We got all excited about Seagate's latest 6TB drive but, really, we haven't seen anything yet. It has been revealed that the spinning rust company is anticipating 8TB and 10TB drives later this year.
This info came out in the company's third quarter results earnings call, where chairman, president and CEO Steve Luczo was talking about price erosion with nearline storage, high-capacity 3.5-inch drives:
Nearline, I think has been aggressive in the last couple, three quarters and I just don’t see those price erosions sustaining themselves, given the capacity points that we have to deliver over the next year, going from 6 to 8 to 10 terabytes.
He referred to them again in the context of lead times:
... as you get to the 6 and the 8 and the 10 terabyte drives, the lead time on those drives is going to be pretty significant whether or not that’s wafer-related or whether or not that’s test-related. And so you are not going to kind of be able to call up and say, by the way I need an extra 500,000 eight TBs I forgot to order, because they are just not going to be there and the industry can’t respond that quickly.
Let's speculate: the 6TB Enterprise Capacity drive could be joined by 8TB and 10TB companions, meaning a 33.3 per cent and 66.6 per cent increase respectively. These are big jumps, especially the latter. Seagate could increase capacity in several ways:
- Shingled Magnetic Recording
- Adding platters
- Moving to HAMR (Heat-Assisted Magnetic Recording)
Seagate expects shingling to increase a drive's capacity by up to 25 per cent. That's not enough to bump a 6TB drive up to 8TB capacity.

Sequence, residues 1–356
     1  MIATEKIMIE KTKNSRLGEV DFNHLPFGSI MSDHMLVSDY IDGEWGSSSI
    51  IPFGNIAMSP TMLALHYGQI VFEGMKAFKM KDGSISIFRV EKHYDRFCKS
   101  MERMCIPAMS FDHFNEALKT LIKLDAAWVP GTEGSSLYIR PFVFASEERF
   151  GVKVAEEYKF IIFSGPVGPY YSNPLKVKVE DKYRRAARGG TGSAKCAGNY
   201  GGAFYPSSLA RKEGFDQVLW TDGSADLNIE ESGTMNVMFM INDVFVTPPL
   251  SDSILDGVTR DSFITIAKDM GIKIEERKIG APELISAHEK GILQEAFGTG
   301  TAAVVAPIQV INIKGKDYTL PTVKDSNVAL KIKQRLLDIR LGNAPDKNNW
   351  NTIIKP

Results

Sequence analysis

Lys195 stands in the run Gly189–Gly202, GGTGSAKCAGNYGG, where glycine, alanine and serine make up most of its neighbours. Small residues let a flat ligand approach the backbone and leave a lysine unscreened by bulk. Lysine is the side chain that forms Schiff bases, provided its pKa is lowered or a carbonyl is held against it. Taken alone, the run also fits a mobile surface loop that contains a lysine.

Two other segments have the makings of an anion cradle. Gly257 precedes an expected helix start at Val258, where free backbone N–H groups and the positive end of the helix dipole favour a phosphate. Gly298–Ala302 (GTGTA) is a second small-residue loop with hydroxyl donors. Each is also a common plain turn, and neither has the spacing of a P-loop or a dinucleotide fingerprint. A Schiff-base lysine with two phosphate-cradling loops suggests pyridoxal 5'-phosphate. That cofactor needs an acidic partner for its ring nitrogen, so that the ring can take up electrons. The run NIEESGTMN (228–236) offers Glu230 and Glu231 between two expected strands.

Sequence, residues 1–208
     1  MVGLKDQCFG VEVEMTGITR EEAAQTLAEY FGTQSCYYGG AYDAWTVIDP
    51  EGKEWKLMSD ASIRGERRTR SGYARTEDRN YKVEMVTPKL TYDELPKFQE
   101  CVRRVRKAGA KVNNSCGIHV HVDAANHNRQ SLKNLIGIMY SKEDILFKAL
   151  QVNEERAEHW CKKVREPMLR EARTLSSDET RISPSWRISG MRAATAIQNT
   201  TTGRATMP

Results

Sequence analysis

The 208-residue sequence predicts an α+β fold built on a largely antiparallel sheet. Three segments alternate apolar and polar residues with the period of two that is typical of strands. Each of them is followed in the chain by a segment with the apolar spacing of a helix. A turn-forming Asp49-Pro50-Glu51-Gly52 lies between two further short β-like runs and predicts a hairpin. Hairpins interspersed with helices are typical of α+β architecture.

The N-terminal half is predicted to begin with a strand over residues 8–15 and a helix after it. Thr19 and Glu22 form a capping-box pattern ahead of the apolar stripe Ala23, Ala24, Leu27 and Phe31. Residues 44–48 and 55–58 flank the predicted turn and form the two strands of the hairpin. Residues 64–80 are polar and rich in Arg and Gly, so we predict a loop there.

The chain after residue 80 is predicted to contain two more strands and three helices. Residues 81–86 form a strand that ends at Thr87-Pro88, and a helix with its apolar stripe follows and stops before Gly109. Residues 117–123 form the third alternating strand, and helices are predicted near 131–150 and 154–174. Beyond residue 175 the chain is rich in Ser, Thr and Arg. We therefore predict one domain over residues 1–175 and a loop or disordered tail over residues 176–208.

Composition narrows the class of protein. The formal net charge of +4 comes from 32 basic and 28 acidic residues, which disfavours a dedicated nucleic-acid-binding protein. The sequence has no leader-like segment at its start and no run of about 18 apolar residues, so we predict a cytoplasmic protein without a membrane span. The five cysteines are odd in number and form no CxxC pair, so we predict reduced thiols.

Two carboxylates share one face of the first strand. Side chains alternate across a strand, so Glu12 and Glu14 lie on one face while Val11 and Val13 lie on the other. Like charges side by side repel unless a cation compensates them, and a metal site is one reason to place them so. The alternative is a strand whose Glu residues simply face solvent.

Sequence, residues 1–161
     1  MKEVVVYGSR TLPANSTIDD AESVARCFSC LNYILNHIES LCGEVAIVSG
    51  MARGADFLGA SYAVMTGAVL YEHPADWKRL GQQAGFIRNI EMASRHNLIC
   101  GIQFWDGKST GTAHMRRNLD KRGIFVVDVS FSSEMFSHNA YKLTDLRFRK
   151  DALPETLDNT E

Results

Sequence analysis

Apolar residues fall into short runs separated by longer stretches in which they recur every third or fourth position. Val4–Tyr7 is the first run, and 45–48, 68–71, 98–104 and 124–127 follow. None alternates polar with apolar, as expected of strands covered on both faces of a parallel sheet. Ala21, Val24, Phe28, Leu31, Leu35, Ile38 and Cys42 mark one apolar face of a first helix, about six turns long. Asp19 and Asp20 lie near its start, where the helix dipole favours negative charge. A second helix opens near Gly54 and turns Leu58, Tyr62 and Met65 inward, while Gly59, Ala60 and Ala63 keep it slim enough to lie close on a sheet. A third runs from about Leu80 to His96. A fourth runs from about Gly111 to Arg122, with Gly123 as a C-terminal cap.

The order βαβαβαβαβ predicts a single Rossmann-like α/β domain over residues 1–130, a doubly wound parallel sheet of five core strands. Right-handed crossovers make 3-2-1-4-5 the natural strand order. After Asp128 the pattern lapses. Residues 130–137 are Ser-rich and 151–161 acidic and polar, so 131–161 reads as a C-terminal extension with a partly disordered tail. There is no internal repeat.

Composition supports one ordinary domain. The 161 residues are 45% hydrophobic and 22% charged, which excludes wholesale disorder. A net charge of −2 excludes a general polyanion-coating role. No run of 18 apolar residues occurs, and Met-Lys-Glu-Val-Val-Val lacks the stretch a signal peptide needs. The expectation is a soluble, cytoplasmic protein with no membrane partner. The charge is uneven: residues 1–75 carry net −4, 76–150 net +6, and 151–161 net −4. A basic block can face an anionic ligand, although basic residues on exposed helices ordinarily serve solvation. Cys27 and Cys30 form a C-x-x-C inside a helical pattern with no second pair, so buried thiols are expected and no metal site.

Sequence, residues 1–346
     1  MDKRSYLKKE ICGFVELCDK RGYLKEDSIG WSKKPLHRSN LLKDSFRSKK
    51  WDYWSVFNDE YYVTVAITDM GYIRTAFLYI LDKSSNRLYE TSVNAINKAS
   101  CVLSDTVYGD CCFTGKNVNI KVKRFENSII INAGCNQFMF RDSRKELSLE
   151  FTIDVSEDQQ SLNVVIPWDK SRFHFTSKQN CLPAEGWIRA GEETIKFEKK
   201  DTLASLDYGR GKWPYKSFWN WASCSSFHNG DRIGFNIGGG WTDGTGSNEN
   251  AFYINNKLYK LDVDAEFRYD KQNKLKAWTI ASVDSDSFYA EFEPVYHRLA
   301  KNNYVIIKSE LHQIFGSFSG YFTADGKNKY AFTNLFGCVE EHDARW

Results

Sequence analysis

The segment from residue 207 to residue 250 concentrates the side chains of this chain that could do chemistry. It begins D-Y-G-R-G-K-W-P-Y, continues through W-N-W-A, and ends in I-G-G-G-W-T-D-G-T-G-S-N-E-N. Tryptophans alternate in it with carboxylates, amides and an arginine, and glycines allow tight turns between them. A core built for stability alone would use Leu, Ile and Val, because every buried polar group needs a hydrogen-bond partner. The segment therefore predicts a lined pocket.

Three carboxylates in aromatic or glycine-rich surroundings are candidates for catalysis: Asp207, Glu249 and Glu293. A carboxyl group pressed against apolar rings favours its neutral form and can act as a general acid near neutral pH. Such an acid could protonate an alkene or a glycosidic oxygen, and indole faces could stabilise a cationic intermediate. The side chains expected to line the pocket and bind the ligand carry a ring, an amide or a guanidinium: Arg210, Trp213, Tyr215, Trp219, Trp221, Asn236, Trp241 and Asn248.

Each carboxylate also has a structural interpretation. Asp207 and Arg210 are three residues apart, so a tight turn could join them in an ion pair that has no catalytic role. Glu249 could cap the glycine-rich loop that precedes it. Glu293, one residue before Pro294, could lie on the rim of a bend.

Adding platters would mean, using current technology, that a six-platter 6TB drive would become a 10-platter 10TB drive and the enclosure would not fit in standard 3.5-inch drive bay. That seems unlikely.
The general trend of thinking about HAMR technology is that it will start being seen in disk drives in 2016.
But, back in February 2013, we reported: "Seagate aims to ship enhanced capacity shingled magnetic recording (SMR) disk drives later this year and bring in Heat-Assisted Magnetic Recording (HAMR) technology next year, a full two years earlier than supposed."
Seagate exec Rocky Pimentel, who was then Seagate's chief sales and marketing officer, told Stifel Nicolaus MD Aaron Rakers at a Stifel Tech Conference last year that "we can expect Seagate to ship HAMR disks in 2014."
Well, it's 2014 and the HAMR head could be dropping down on us later this year...
You can read background info on HAMR technology here.
Has Luczo opened Seagate's kimono and given us a glimpse of its HAMR tech? It sure looks like it to this salivating tech hack. ®